Brain health: 2 groups of household chemicals linked to cell damage

Evan Walker
Evan Walker TheMediTary.Com |
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Certain chemicals in household items may cause damage to brain cells, research suggests. Sarah Mason/Getty Images
  • The prevalence of neurological and neurodevelopmental conditions has increased over the past decade.
  • Although some of this increase may be due to better diagnosis, experts suggest that environmental factors could play a part.
  • A new study has found that some common environmental chemicals damage vital brain cells called oligodendrocytes.
  • The researchers suggest that this damage could help explain the rise in conditions such as autism-spectrum and attention-deficit disorders, as well as multiple sclerosis.

The number of people diagnosed with neurodevelopmental conditions, such as autism-spectrum and attention-deficit disorders has increased greatly over the past decade. This could be a result of greater recognition and diagnosis of the conditions, but experts suggest that environmental factors might be driving these increases.

According to a new study, some common chemicals, found in personal-care and household products, damage specialized brain cells called oligodendrocytes that generate the myelin sheaths on nerve cells. The researchers suggest that exposure to these chemicals could lead to neurodevelopmental and neurological conditions, such as autism-spectrum conditions, attention deficit disorders and multiple sclerosis.

The study, from Case Western Reserve University School of Medicine, assessed the effect of a wide range of chemicals on isolated oligodendrocytes, organoid systems, and developing brains of mice. They found that two groups — organophosphate flame retardants and quaternary ammonium compounds (QACs) — damaged or caused the death of oligodendrocytes, but did not affect other brain cells.

The research is published in Nature Neuroscience.

“This is a fascinating study in which the authors have performed screening on close to 1,900 chemicals to identify classes of compounds that may regulate toxicity or developmental defects in oligodendrocytes. The screening technique the authors used is impressive, as most tools currently used only look at cytotoxic effects. As the authors have shown in this paper, non-cytotoxic chemicals can have other effects on cells, and that is important to study.”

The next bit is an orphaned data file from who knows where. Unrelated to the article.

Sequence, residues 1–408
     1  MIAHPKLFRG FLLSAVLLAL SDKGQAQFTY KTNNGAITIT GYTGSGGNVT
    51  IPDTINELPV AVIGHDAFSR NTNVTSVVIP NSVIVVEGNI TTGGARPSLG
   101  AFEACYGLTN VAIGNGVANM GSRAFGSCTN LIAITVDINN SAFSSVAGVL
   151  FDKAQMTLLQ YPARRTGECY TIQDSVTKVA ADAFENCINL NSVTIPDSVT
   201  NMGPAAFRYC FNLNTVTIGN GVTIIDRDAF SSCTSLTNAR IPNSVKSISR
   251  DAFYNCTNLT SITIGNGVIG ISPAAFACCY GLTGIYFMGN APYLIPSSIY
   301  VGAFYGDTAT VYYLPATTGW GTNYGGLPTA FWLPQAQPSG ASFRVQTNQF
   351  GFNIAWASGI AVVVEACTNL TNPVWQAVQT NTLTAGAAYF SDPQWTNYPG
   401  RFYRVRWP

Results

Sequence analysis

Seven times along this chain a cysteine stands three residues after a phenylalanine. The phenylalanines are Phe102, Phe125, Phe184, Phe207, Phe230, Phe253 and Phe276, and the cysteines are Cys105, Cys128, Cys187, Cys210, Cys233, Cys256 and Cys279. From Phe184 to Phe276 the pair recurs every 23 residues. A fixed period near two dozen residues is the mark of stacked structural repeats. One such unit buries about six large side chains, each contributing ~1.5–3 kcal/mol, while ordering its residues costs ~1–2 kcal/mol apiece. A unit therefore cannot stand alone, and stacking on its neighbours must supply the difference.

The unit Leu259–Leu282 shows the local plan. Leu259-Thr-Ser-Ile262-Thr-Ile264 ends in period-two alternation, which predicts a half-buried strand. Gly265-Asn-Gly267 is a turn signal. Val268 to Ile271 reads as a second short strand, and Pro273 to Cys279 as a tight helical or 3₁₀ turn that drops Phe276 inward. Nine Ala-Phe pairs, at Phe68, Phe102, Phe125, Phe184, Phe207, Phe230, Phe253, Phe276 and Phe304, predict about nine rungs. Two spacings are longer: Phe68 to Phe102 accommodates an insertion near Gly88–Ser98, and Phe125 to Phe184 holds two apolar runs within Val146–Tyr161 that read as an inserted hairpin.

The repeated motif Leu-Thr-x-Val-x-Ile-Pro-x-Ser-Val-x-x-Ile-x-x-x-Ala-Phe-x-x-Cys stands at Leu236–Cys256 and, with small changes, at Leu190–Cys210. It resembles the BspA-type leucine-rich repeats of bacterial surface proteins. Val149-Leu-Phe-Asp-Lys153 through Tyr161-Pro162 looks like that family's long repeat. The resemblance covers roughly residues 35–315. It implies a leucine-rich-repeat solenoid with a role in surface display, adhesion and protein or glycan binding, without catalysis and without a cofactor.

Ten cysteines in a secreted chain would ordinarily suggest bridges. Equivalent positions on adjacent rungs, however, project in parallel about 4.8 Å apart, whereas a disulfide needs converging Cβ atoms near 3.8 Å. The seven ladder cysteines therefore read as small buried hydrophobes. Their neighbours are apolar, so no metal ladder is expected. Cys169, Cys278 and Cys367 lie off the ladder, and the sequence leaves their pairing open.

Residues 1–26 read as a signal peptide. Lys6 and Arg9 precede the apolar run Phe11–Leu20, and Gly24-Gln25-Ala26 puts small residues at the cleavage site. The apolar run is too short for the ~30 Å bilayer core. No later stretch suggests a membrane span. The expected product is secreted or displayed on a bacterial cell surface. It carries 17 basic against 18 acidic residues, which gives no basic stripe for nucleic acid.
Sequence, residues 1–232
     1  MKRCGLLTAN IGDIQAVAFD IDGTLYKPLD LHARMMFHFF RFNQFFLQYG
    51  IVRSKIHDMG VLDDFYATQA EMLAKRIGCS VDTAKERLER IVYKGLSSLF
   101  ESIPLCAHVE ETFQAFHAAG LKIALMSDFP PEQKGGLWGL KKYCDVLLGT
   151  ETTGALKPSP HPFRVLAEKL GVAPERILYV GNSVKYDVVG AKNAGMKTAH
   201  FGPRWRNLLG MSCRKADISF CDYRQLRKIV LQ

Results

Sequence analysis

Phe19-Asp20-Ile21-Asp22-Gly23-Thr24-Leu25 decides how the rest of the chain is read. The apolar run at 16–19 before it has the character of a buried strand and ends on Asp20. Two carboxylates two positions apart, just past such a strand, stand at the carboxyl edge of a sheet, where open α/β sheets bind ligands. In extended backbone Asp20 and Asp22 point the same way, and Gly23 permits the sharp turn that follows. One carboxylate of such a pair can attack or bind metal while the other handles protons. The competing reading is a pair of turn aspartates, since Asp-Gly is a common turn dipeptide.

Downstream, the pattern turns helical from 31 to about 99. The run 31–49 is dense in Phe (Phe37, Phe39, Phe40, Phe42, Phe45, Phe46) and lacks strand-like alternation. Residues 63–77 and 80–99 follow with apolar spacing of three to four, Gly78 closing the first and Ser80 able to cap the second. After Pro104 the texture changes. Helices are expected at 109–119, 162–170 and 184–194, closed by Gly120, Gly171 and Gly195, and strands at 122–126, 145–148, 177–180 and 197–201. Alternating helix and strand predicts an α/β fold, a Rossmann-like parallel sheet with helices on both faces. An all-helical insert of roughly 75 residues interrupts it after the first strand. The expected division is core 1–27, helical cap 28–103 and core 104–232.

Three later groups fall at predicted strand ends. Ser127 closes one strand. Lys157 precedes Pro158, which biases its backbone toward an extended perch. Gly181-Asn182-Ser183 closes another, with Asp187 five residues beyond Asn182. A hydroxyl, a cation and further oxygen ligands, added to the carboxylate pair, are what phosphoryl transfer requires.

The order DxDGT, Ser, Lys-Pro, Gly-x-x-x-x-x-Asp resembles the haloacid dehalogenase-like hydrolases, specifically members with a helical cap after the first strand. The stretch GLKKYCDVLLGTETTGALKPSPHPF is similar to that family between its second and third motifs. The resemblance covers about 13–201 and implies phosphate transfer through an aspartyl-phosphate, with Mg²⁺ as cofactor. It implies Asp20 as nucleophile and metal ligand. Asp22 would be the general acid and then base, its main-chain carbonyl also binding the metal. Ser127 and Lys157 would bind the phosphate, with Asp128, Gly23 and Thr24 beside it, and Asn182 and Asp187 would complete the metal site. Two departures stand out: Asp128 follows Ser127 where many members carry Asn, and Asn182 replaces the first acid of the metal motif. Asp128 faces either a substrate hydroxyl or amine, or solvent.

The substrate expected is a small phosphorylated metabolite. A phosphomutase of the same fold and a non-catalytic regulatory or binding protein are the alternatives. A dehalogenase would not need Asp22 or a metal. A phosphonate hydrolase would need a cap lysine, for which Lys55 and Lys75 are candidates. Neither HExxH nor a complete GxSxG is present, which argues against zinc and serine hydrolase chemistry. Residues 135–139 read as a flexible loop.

— Dr. Souvarish Sarkar, Ph.D., assistant professor of environmental medicine and neuroscience at the University of Rochester Medical Center.

The researchers also tested whether the chemicals had a similar effect on developing oligodendrocytes in mouse brains. They found that quaternary ammonium compounds (QACs), when given orally to mice, successfully crossed the blood-brain barrier and built up in brain tissue.

The mice lost oligodendrocyte cells in many areas of the brain, showing that these chemicals may pose a risk to the developing brain.

Following the mouse findings, they tested the organophosphate flame retardant tris (1,3-dichloro-2-propyl) phosphate (TDCIPP) on a human cortical organoid model. The chemical reduced the numbers of mature oligodendrocytes by 70%, and the OPCs by 30%, suggesting that it was preventing the cells from maturing.

People may come into contact with these chemicals daily, as Dr. Jagdish Khubchandani, professor of public Health at New Mexico State University, who was not involved in the study, explained to MNT:

“Unfortunately, these products are widely in use (e.g. organophosphates for making of dyes, varnishes, textiles, resins, etc, and quaternary ammonium for disinfectants and personal care products). Also, they came about due to disrepute of earlier classes of chemicals and their use has increased substantially.”

“The findings of this study suggest that we did not come up with good alternatives for earlier classes of chemicals (e.g. PBDEs). While the study uses a mouse model and lab cultures, there could be profound human health implications,” he added.

The researchers then assessed the levels of organophosphates that children aged 3-11 were exposed to using datasets from the National Health and Nutrition Examination Survey (NHANES) of the CDC, which recorded levels of the metabolite bis (1,3-dichloro-2-propy) phosphate (BDCIPP) in their urine.

They found that children with the highest levels of BDCIPP were 2–6 times more likely to have special educational needs or motor dysfunction than those with the lowest levels.

They suggest this is strong evidence of a positive association between organophosphate flame retardant exposure and abnormal neurodevelopment.

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